That is WHY I think these people participated individually. I think Tex and Pat are stone cold killers and Leslie and Susan were more reluctant ones. I don't think Linda was capable of killing in that manner at all. I think they all went in the general name of Helter Skelter although I think they all had varying degrees of  enthusiasm for it, and different limits on how far they ultimately could go in the name of it. I have not found any significant evidence that Tex. Pat, Susan, Leslie, or Linda thought they were being sent there for any other reason than to ignite the race war on  that first night. I take them at there word when they all say Charlie sent them there and why. They have all been consistent and uniform about that part of the story if nothing else.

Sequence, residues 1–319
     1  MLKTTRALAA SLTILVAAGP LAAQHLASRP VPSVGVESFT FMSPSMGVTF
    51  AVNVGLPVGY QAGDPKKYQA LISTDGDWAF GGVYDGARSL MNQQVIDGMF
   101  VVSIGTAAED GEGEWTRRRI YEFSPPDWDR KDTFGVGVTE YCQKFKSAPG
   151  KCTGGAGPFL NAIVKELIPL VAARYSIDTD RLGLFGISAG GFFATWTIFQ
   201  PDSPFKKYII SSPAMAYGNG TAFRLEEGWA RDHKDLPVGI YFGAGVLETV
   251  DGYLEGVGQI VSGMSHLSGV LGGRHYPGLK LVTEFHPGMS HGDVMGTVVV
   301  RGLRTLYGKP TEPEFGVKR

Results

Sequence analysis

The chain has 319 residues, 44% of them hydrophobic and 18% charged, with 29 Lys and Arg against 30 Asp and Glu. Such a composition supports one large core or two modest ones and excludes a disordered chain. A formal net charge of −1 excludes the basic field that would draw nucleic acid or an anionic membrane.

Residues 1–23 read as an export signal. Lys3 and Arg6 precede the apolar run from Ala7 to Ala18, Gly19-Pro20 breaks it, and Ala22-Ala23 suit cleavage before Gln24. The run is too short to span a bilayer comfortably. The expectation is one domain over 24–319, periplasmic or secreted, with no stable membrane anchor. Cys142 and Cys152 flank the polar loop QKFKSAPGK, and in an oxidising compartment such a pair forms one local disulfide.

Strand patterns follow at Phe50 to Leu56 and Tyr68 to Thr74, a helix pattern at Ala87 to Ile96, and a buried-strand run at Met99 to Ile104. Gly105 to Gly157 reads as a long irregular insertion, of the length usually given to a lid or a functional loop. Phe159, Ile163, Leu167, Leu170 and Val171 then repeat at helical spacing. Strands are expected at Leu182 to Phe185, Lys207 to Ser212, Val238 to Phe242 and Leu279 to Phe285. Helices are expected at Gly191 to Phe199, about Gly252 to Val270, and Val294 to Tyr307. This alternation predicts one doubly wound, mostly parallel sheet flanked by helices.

And the brings us to the other WHY. Because if you don't believe the actual killers when they tell you WHY, you must believe there is another WHY. WHY did Charlie really send them if it were not to ignite his race war? WHY were those victims chosen, if not for simply being rich pigs? If Charlie used Helter Skelter to manipulate these people to kill for his own personal reasons- it is going to be really hard at this point to find out what those reasons are. It is my opinion you won't. Charlie is gone. Any secrets Charlie had went with him. Bug's is gone. If Bug's exaggerated the Helter Skelter motive to include Charlie at the expense of any real motive possibilities he may have known of, they too, went with him. The Killers have all told their stories over and over. What do they gain in changing those stories at this point? To admit they have still been lying these last 30 years would hardly be the best way to get out of jail for the last years of their lives. Have any of the dozen books or documentaries that still come out shed any new light? I am sorry to say that we know almost all we are ever going to know about this story. It is a fantastic story as it is. I will never understand the need for so many people to make it even more complicated, and strange than it already is. And look, for a little while I was no different. For 15 years, I have read so many websites, books, testimony/trial transcripts you would think I was obsessed. For hours and hours I have watched videos, listened to parole hearings, and interviews. All trying to understand why the hell this happened. I kpet telling myself it couldn't be Helter Skelter. It has to be something else. So I kept looking into every avenue. I chased down every story I heard or rumor I read. I went to all the locations in person to try and get a feel for myself. I met some of the people loyal to Manson, and considered their versions of the events. All with an open mind. And while I am no scholar or professional researcher I feel I have earned the right to my opinion. It is my opinion we are stuck with Helter Skelter lol. That is just the way it will be. There is just enough real evidence to make Helter Skelter credible, and just quite not enough evidence of any other motive to disprove it. Many people better than myself have tried to prove other motives, and we all always end up at the same intersection. Accept the answers we have found, or keep asking the same questions in different ways. If you chose the latter, my friends, I fear you must prepare yourself to live with frustration. I think the last remaining questions about the TLB motives are always, unfortunately, going to end up unanswered questions...